Design and XP. Where Design Patterns Fit in XP. Architecture and XP. Agile Modeling. What is Agile Modeling (AM)? Overview of the Values, Principles, and Practices of Agile Modeling (AM).15. Code With Intention.
What's in a Name. Simplicity is the Ultimate Complexity. Warranted Assumptions. Let the Compiler Tell You. “No Comment”. Collective Code Ownership. Better to Burn Out than to Fade Away? Happy Developers Are Productive Developers. Get a Life. Conclusion.16. Refactoring.
Examples of Refactorings. Courage. Code Smells. When to Refactor. The Two Hats. Refactoring to Patterns. Example of Refactoring. Conclusion.17. Relentless Integration.
Some Practical Advice. Only Check in When Tests Pass at 100 Percent. An Antipattern. Approaches to Integration. What About Code Reviews. The Impact of Collective Code Ownership.
V. DELIVERY.18. Delivering the System.
Delivery Day. Productionizing. Testing. Celebrating Victories.
VI. ADDITIONAL TOPICS.19. Adopting and Adapting XP.
Understanding XP. Adopting XP. Methods of Adoption. Adapting XP. XP Practices. Return on Investment. Conclusion.20. Scaling XP.
Large-Scale Development. Organizing the Large XP Project. Open and Honest Communication. Integration. The Importance of Good People. Conclusion.21. The Future of XP.
Where XP is Going. On to the Battlefield. A Holonic Approach to XP. Software Development as a Craft. Evolving XP.Appendix: Example.
The principles of extreme programming have changed the way we think about software development.The Need to be Extreme
Both business people and software developers often view traditional software development techniques as too slow. Business people view software as a competitive advantage, and a competitive advantage can never be realized too quickly. Software developers believe that their traditional software development processes create too much overhead in their quest to deliver this advantage as quickly as possible.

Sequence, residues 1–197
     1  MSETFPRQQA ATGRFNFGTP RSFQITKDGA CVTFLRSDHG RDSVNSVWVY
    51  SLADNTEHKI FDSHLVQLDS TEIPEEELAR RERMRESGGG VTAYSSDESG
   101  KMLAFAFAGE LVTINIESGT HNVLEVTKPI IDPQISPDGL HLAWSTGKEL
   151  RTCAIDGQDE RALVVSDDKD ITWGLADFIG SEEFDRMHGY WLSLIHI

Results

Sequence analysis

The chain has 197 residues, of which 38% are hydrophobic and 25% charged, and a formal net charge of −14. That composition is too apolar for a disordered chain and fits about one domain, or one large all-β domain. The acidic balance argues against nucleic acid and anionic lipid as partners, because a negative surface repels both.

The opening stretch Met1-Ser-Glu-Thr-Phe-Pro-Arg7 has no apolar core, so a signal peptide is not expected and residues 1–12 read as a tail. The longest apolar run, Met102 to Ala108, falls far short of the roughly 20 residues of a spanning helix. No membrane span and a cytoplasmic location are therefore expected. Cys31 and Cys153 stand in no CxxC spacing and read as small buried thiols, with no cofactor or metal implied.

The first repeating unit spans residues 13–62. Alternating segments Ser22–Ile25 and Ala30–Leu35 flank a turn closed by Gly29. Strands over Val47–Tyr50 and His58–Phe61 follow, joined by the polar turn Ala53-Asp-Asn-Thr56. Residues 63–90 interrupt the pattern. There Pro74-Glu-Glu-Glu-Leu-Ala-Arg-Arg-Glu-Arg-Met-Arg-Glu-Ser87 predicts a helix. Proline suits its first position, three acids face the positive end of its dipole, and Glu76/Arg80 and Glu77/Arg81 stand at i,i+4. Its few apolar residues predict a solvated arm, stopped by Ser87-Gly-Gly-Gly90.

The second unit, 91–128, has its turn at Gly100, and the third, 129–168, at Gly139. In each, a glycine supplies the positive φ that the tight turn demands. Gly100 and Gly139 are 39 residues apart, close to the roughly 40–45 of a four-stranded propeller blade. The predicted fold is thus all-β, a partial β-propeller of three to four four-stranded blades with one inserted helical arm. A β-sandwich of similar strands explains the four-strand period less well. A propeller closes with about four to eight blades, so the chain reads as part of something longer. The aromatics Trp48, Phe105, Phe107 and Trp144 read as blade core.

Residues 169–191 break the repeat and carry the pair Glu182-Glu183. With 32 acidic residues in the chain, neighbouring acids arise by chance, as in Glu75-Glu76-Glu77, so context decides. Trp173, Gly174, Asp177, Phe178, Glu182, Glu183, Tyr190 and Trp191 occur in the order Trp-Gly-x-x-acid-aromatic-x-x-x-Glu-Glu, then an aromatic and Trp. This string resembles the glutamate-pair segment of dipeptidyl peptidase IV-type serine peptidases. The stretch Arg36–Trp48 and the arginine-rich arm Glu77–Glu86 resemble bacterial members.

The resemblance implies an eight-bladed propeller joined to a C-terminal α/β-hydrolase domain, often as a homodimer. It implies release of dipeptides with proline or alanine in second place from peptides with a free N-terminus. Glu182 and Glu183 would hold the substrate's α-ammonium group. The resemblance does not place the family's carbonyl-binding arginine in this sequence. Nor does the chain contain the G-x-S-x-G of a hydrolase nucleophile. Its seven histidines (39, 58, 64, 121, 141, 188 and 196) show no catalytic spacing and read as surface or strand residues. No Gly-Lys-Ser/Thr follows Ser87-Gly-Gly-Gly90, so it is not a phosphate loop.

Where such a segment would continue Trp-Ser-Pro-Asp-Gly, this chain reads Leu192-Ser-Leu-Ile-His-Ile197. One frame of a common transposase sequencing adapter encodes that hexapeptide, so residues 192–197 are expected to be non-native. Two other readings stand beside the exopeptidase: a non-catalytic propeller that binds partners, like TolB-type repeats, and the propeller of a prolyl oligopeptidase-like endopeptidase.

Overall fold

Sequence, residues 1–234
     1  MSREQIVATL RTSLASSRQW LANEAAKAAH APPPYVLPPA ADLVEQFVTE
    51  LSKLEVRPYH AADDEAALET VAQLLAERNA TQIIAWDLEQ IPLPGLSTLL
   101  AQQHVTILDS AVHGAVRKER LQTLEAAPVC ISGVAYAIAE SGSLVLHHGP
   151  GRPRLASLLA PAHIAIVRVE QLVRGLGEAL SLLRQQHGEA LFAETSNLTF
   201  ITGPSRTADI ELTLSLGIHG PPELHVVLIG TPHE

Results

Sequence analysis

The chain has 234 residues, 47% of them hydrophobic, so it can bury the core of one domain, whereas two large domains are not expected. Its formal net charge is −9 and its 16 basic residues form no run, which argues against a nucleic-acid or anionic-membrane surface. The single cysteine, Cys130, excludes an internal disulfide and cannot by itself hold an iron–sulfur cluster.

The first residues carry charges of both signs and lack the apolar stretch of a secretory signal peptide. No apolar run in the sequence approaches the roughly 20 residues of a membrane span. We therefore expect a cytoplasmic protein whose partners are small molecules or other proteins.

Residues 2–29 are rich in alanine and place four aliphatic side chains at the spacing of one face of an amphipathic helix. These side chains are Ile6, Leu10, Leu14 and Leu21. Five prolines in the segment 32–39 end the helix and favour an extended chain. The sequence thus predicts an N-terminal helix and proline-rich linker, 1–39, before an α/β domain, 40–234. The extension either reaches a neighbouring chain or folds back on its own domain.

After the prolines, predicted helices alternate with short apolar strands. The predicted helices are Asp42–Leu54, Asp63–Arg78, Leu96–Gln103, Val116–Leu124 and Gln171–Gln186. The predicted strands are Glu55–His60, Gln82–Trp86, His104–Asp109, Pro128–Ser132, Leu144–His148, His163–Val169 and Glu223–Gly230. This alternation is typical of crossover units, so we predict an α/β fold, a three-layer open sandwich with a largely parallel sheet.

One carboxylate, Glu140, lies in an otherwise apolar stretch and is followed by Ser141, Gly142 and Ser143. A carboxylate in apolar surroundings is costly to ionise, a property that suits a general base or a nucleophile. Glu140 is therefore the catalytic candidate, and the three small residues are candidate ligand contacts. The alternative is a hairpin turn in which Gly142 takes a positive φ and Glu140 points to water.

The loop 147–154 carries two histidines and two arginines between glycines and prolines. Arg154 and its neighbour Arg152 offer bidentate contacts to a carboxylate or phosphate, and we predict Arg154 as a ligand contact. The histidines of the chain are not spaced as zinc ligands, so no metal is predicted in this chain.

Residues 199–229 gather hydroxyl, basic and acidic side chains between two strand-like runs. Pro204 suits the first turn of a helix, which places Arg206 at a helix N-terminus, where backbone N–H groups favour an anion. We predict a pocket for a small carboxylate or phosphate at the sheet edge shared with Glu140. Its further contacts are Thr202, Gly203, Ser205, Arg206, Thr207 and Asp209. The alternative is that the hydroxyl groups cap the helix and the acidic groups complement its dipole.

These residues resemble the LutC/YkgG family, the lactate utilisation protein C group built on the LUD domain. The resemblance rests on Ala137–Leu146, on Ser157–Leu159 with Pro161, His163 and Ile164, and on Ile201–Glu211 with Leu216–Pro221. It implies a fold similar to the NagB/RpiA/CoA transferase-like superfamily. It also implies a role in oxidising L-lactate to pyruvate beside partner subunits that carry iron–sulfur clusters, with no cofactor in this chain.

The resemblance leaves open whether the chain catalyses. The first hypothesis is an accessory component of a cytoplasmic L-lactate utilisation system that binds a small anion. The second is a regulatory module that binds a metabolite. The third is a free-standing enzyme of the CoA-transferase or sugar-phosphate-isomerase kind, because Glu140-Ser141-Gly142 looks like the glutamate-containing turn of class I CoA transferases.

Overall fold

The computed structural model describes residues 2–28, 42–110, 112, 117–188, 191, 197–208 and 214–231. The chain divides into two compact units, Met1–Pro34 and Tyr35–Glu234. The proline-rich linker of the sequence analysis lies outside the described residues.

The need to deliver software more quickly caused Kent Beck, Ward Cunningham, and Ron Jeffries to explore the extremes of certain development practices. The first XP project, the Chrysler Comprehensive Compensation system (code name C3), was, on one hand, constrained and, on the other, pushed to its limits. This practice was called "setting the dials to ten." The result was a breakthrough in the software development called XP.
Beck was certainly the driving force behind taking this project, and the multitude of others that have followed, to the extreme, and he continues to evolve XP. His vision continues as he asks us to question the basic principles of software engineering. Naturally, many of these principles are being replaced with new and better ones. New principles, such as working with a real live customer instead of a specification, are quickly gaining acceptance in the software community. The idea of creating tests before the software is written is quickly becoming a vital part of every software development process.
This book attempts to capture one point in the evolution of XP. We have examined the principles and have created what we believe to be effective practices. As a result, we believe that this short guide serves as a practical one from which to learn XP.
We used some of the XP principles to write this book (adapted, of course, for book writing). For example, various things that one of our customers felt we needed to cover were written on index cards and scheduled into the iterations of the book. This book has been continuously integrated and refactored. Hopefully, you, another customer, will like the finished product.Follow Up
To obtain the code from the appendix as well as other information about this book and XP in general, we invite you to visit Saorsa Development Inc.'s web site at